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 Language Learning Forum : Questions About Your Target Languages Post Reply
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Linguamor
Decaglot
Senior Member
United States
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469 posts - 599 votes 
Speaks: English*, German, Italian, Spanish, Swedish, Danish, French, Norwegian, Portuguese, Dutch

 
 Message 145 of 167
15 October 2007 at 2:26pm | IP Logged 
HTale wrote:

Linguamor, you've totally missed the point, and I say this with all due to respect (I've heard your sound clip for French :-) ). However, as I have already stated; a language consists of grammar and vocabulary - there does not exist *a* grammar. Now I pray every one agrees on THAT one :-D


It seems we have been - and still are - missing each other's point.


My sound clip for French? What sound clip for French? I don't have a sound clip for French.

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Linguamor
Decaglot
Senior Member
United States
Joined 5528 days ago

469 posts - 599 votes 
Speaks: English*, German, Italian, Spanish, Swedish, Danish, French, Norwegian, Portuguese, Dutch

 
 Message 146 of 167
15 October 2007 at 3:02pm | IP Logged 
FSI wrote:
luke wrote:
I'm reminded of the experience of knowing all the words I'm hearing, and understanding the grammatical constructions being used, but still having difficulty attaching meaning to the sound. Am I the only one who has had this experience? Was it from studying the nuts and bolts of the language with a program that thought, "that's all there is to it", rather than a program that focused on meaning and communication?


I don't think this is so much due to using an FSI v. Assimil-type issue, but rather one of simply getting more exposure to the natural, every day language. I'm pretty sure this would be an issue no matter which program you used, as there isn't a program in existence that'll give any learner more than a handful of examples available in any given language.

It's like Linguamor's example with the French above. Knowing the individual pieces of the sentence is only half the battle; one must also know how certain combinations give rise to particular meanings that go *beyond* the point-blank grammar/vocab structures. The only way to do this is to get more exposure - through books, through talking people, through television, movies, radio, papers, etc. If not, we forever look at the L2 through the prism of how sentences (and meaning) are constructed in our L1.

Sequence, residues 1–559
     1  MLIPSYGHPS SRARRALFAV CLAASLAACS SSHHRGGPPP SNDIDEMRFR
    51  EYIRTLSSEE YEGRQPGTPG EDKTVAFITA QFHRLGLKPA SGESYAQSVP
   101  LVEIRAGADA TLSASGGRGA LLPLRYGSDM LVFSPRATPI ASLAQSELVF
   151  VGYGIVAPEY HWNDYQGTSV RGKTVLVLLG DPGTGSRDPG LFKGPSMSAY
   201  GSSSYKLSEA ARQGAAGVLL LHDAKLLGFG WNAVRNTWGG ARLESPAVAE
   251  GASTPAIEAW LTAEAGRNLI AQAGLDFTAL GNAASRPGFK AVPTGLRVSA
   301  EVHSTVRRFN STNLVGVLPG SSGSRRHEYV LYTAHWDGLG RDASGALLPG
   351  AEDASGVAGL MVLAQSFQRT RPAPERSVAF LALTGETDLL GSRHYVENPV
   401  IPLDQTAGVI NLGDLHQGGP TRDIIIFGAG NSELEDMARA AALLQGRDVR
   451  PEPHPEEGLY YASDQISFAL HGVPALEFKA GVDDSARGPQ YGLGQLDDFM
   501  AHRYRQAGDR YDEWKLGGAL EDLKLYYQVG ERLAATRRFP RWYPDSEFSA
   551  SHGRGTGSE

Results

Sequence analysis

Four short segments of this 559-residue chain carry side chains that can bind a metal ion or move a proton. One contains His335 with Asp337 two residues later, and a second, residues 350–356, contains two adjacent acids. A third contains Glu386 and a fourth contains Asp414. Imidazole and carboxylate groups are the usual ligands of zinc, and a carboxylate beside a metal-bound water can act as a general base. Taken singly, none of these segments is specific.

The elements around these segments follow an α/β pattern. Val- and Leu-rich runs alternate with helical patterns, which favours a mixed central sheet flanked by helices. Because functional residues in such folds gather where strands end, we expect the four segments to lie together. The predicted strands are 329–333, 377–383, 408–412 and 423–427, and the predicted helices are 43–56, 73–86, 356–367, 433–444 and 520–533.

This happens to me almost every time I read a page of anything new. I discover sentence structures I wouldn't have used to express meanings I already knew. Or alternatively, I discover how existing structures give rise to meanings I'd never have thought of, but which a native, of course, would have understood. Sometimes the structures are radically different, to the point where I wouldn't have understood the sentences had I heard them whiz by in speech, while others only differ slightly from how I'd have expressed them myself - but the differences add up, and they draw the lines between native speakers and non-native learners. It's something we can only conquer with more exposure.


This is a point I've been trying to make in many of my posts. You don't learn a language from a language course - though you can learn some of a language from a language course - but from being exposed to ample amounts of meaningful language.

My argument that comprehensible input is essential for acquiring a language is thus a two-pronged argument:

1) The human brain is designed to acquire languages from comprehensible input, i.e. that is how languages are naturally acquired.

2) The nature of human languages is such that ample amounts of comprehensible input are required to acquire them.



Edited by Linguamor on 15 October 2007 at 3:05pm

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Iversen
Super Polyglot
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Denmark
berejst.dk